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Innovative Approaches to Educational Leadership

Selected Cases

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Edited By Carrie Rogers, Kofi Lomotey and Adriel Hilton

Of late, leadership has come to include individuals in elementary, secondary and tertiary institutions who do not necessarily carry leadership titles.  Faculty in preK-16 institutions, along with other staff and community people, have increasingly begun to take on leadership responsibilities as shared leadership is articulated and practiced more and more in education.  This volume focuses on educational leadership--broadly defined.  More specifically, following several research-based thought pieces in which the authors define and discuss this new conception of leadership, contributors offer preK-16 case study illustrations of this recent conception of educational leadership.  Readers will use this casebook as a foundational text for courses in teacher education, educational leadership, business and higher education. It includes detailed chapters focused on teacher leadership, principal leadership and higher educational leadership.
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Chapter Ten: Culturally Relevant Leadership in Practice: A Case Study of a Black Woman Principal in the West (Linda C. Tillman / Sonya Douglass Horsford)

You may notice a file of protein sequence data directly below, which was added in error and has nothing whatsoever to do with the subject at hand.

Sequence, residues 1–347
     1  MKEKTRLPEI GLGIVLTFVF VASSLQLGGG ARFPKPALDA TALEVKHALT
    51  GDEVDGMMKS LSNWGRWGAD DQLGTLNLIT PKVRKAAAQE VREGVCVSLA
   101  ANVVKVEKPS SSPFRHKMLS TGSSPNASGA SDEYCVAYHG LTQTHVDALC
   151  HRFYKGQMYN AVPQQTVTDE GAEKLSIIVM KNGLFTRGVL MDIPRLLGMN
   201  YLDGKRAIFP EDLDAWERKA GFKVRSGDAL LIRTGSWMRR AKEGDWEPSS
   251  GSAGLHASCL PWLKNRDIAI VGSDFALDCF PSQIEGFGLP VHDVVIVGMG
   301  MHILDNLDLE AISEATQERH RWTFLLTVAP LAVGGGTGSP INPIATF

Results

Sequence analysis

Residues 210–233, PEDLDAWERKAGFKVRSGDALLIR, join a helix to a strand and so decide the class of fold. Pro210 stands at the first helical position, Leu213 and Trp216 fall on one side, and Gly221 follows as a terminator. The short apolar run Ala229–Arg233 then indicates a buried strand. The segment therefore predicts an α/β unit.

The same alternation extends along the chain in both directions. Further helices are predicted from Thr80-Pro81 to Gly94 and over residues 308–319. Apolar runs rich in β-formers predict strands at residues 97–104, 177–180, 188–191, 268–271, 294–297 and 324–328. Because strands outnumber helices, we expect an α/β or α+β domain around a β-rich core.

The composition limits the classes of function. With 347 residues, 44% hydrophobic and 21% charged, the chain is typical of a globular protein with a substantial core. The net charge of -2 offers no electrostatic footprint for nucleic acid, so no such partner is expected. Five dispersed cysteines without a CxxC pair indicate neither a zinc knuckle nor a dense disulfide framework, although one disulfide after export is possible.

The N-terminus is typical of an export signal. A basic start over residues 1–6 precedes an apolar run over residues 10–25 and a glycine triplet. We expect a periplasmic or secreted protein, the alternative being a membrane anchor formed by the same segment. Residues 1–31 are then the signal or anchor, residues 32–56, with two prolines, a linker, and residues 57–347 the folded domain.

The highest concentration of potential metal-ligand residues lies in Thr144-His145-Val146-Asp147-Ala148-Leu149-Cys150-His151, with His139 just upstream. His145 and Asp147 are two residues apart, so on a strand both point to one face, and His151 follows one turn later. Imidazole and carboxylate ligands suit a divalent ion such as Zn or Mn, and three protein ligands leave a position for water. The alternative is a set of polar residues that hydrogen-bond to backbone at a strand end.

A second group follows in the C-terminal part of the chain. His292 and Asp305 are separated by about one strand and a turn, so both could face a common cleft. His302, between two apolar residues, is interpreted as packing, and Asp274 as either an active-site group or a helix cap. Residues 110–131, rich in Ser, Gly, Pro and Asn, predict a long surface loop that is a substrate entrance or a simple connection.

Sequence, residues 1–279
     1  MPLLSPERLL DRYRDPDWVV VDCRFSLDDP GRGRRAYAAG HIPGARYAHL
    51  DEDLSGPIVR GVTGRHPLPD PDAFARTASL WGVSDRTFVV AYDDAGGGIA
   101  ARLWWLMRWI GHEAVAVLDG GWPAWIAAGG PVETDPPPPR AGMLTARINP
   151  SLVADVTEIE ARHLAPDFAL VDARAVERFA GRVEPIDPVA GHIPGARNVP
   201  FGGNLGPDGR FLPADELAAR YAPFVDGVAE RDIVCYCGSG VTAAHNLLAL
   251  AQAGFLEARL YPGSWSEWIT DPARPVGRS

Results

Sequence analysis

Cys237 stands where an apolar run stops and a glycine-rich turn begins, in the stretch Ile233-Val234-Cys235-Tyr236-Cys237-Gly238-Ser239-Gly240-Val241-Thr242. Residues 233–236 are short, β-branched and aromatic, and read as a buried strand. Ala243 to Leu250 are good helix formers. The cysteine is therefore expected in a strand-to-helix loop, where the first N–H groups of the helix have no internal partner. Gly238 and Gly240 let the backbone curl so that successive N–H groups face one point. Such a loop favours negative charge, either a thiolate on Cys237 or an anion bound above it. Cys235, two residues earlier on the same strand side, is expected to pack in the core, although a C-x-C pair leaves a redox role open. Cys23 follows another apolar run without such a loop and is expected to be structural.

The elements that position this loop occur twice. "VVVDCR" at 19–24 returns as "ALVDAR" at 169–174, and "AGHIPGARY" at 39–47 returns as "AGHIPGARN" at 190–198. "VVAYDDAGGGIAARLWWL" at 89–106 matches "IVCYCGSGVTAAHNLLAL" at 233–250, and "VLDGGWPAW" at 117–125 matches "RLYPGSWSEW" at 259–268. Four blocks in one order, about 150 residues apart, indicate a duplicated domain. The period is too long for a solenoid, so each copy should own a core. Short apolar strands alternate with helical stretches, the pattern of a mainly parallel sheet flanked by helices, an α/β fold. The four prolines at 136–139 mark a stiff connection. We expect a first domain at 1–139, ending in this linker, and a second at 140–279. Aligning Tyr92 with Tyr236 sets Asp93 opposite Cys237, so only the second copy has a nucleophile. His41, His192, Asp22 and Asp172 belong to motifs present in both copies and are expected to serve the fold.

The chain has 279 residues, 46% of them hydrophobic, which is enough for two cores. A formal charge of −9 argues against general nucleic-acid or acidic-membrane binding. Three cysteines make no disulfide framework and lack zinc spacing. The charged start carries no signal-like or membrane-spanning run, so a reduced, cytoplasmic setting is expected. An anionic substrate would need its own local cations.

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CHAPTER TEN

Culturally Relevant Leadership IN Practice

A Case Study of a Black Woman Principal in the West

LINDA C. TILLMAN AND SONYA DOUGLASS HORSFORD



As educational leaders in the U.S.A. grapple with the complexities of preparing today’s students in racially and socioeconomically segregated schools and communities, research on culturally relevant leadership practices have gained increasing attention. The pressures of widening racial and economic inequality coupled with what has been a high-stakes, top-down accountability environment, have incentivized individualized competition and performance over more collective notions of collaboration and community. As a result, educational outcomes, measured almost exclusively by test scores and other narrowly constructed indicators of student achievement, are now central to the work of today’s school leaders. Yet process, which is by definition central to leadership, has been largely ignored, resulting in even greater divides in not only achievement, but engagement by parents, families, and communities, which is key to educational access and opportunity. In the case of public school leaders serving large populations of poor, emergent bilingual, and racially minoritized children in resegregated schools and neighborhoods, the necessity to engage in culturally relevant practices becomes even more pronounced, especially for those educators whose background, lived experiences, and cultural norms contrast in important ways with those of their teachers and students.

Advancing high-quality educational experiences and opportunities for high-needs students in resegregated schools is no easy task. In fact, it requires additional knowledge concerning...

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